Military court to hand down ruling in Azaria trial
Court to determine whether to convict Sgt. Elor Azaria, who shot dead a seriously wounded terrorist in Hebron, of manslaughter or of a less grave offense, such as forbidden or negligent use of a firearm; if convicted, he could face several years in prison; defense team say will appeal if convicted.
If Azaria is found guilty of manslaughter, he will be sentenced in about a month and could face several years in prison.
Central Command Chief Justice Col. Maya Heller will read out the verdict at 10am at the special military court at the Kirya IDF headquarters in Tel Aviv.
The court hearings have so far taken place at the Jaffa military court, but due to explosive nature of the hearing it was moved to the Kirya and will be held under tight security. Azaria's supporters, who have been protesting outside the Jaffa court throughout the trial, will be outside the base's gates and far from the courtroom. Only authorized personnel and the soldier's family members will be allowed into the courtroom.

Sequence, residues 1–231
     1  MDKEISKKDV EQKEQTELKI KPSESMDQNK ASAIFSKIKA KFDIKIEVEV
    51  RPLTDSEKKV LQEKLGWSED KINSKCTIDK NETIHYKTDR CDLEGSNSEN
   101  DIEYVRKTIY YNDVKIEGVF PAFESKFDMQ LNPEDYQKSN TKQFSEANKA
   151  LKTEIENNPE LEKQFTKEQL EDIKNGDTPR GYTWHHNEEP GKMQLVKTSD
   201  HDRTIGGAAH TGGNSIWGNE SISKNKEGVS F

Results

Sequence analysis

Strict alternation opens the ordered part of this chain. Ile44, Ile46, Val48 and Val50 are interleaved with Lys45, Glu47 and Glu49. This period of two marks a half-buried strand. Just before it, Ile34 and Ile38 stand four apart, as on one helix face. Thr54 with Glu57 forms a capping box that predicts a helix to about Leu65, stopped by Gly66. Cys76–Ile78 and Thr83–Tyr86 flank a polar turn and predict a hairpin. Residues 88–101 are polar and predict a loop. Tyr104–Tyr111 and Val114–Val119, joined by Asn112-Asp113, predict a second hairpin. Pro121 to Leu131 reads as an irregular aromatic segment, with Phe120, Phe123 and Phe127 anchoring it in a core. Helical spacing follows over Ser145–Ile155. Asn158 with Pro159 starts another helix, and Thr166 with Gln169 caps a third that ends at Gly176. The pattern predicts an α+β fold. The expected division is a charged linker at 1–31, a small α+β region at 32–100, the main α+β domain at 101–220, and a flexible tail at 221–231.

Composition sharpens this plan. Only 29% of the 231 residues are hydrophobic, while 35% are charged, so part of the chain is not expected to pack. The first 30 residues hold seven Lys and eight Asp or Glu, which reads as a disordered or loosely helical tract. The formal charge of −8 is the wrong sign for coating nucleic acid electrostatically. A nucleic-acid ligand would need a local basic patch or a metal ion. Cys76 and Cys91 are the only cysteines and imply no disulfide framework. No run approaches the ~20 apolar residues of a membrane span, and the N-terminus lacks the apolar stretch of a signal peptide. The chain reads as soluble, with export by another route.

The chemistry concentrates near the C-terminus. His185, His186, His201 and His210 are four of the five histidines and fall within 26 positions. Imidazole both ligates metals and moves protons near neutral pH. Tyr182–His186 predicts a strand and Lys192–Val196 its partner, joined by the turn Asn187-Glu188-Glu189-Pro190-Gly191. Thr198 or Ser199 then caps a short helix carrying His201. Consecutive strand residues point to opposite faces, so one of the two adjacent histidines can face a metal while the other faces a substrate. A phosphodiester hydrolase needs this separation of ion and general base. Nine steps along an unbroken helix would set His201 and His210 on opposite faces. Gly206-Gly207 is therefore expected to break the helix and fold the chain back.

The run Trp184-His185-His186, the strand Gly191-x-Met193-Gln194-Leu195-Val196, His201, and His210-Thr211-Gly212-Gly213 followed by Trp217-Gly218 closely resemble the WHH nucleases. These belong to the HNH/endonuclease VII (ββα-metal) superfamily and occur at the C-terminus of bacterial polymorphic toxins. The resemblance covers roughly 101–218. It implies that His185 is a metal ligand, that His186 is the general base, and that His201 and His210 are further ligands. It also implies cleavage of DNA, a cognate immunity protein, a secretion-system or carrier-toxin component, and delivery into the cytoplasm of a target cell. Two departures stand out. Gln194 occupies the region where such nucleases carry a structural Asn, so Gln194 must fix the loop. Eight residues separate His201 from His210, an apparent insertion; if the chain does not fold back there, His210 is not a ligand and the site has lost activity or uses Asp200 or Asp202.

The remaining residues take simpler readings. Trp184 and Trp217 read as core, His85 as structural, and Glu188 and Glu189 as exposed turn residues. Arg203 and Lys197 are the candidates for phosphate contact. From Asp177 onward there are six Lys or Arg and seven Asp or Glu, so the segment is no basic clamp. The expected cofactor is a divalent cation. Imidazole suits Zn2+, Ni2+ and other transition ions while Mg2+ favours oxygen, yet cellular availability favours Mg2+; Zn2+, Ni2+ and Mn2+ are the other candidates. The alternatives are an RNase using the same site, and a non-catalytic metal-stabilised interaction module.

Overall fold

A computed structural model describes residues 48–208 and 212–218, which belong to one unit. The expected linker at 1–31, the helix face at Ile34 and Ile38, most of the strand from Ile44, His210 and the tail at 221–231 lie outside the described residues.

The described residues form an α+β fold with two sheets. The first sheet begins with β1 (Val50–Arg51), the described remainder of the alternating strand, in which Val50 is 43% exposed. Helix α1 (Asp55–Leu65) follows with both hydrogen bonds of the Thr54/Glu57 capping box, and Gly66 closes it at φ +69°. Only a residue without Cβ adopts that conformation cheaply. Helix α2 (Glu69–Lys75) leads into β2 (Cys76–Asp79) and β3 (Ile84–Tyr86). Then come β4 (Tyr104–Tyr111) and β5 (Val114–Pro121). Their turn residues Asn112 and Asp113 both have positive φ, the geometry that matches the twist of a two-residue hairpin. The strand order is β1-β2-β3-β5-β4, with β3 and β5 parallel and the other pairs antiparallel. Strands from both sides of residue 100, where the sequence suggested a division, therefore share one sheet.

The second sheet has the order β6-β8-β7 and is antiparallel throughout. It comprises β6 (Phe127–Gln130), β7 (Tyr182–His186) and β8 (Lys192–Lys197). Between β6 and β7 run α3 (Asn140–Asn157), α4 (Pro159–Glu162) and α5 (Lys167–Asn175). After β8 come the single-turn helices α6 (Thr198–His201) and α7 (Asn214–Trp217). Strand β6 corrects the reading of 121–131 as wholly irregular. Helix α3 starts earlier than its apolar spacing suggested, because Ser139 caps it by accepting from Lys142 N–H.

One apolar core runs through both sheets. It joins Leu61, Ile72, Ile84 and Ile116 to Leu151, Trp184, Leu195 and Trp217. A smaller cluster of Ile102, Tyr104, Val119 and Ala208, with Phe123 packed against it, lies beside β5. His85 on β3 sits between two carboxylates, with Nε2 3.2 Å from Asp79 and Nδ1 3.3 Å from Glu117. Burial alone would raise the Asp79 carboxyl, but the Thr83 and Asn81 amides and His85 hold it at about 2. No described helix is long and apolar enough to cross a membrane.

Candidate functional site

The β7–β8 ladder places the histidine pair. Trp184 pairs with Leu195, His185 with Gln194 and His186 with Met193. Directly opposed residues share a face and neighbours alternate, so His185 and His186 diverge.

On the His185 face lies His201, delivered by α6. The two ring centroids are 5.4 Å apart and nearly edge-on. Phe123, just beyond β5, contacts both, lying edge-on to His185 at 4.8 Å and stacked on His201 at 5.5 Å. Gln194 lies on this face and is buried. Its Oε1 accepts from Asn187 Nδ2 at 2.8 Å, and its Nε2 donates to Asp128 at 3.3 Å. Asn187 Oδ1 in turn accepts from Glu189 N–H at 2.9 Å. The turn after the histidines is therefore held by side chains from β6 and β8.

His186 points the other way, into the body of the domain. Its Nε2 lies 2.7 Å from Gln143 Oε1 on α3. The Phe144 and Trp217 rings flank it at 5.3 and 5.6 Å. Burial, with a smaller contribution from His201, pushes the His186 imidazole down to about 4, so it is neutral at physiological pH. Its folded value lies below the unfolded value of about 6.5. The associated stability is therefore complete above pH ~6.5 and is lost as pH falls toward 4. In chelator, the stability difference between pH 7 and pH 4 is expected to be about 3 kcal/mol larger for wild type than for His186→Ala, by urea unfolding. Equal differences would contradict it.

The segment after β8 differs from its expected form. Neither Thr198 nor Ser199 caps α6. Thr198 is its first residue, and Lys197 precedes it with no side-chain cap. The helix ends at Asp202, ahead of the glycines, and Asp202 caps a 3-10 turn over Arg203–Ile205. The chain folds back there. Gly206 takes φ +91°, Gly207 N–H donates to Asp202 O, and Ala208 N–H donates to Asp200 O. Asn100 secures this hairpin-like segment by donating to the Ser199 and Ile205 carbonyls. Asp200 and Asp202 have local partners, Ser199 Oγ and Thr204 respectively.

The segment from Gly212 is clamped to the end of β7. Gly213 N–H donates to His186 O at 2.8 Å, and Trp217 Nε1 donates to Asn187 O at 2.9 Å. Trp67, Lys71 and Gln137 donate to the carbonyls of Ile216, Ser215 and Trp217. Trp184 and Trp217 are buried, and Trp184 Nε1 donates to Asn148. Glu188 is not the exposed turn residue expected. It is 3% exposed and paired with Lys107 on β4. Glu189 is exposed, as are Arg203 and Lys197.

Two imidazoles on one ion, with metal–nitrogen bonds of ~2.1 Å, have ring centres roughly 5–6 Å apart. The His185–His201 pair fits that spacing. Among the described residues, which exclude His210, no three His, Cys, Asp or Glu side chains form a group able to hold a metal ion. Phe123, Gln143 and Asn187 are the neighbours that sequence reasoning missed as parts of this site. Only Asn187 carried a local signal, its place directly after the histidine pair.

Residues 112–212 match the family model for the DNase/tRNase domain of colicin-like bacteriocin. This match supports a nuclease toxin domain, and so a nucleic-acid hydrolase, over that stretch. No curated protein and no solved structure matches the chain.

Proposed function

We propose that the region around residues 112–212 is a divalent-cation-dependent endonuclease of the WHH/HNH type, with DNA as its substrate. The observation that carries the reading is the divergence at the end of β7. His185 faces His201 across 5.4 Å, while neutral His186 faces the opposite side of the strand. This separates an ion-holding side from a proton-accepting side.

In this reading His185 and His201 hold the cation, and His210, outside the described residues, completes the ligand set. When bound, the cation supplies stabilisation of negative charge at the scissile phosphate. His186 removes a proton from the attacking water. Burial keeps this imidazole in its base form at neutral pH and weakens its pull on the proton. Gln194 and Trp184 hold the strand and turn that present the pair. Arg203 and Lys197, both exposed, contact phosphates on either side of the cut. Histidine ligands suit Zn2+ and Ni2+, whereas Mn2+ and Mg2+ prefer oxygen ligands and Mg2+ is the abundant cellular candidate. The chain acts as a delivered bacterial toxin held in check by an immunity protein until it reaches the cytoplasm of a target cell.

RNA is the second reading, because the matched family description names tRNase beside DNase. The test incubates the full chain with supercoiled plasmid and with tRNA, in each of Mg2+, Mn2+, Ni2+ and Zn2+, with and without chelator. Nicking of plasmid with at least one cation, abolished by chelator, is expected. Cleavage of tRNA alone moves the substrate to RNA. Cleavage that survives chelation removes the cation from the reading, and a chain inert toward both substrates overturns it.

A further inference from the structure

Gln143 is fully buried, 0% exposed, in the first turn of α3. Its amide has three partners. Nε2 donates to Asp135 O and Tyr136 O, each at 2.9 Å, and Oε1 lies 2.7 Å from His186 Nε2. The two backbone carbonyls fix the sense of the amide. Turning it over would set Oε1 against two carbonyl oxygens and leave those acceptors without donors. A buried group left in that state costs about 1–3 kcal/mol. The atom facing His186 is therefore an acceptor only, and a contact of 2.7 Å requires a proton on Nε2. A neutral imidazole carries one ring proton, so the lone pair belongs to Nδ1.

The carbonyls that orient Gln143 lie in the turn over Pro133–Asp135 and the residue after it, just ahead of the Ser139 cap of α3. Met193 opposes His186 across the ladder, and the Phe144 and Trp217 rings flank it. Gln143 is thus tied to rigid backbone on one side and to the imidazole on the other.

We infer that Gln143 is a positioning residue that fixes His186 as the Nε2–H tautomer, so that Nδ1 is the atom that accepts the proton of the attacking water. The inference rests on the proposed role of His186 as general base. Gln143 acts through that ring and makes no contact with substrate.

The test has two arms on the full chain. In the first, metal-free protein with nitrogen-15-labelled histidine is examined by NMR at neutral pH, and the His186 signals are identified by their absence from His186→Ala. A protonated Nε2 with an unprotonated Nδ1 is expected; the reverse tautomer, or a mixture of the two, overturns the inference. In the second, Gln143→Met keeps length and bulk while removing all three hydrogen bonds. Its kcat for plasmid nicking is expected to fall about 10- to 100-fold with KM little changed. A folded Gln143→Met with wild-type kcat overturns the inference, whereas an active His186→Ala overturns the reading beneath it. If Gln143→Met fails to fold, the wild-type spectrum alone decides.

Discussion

Azaria entered the courtroom on Wednesday morning to cheers and applause from his family. He was smiling as he hugged relatives and his girlfriend.
The judges might choose to convict the soldier of a less grave offense, such as forbidden or negligent use of a firearm.
The Military Advocate General's Office has been considering asking the court to send Azaria to prison immediately if he is convicted of manslaughter and not wait for the sentencing.
Azaria has spent the nine months of the trial under open detention at his brigade's base near Rosh HaAyin, where he has been doing maintenance work.
Sources close to the soldier who spoke to him in recent days claim he sounds "strong and optimistic and is not showing signs of breaking."
These sources did express concern of the fact that the judges, particularly Judge Heller, have shown little patience towards Azaria and the defense's witnesses during the trial.
Azaria's lawyers, Eyal Beserglick and Ilan Katz, attacked prosecutor Lt. Col. Nadav Weisman and the Chief Military Advocate General Brig. Gen. Sharon Afek in a letter to Defense Minister Avigdor Lieberman on Monday, in which they demanded to ensure the IDF's top command has no influence on the trial.
An acquittal could cause a crisis of trust towards the chain of command in the IDF that has been condemning Azaria's actions clearly and in no uncertain terms since the incident.
In the case of conviction, right-wing politicians are expected to call for a lenient sentence.
Meanwhile, Azaria's defense team said they intend to appeal a conviction at the military court of appeals. This could drag the trial out for at least four more months and even longer if another appeal is filed to the Supreme Court.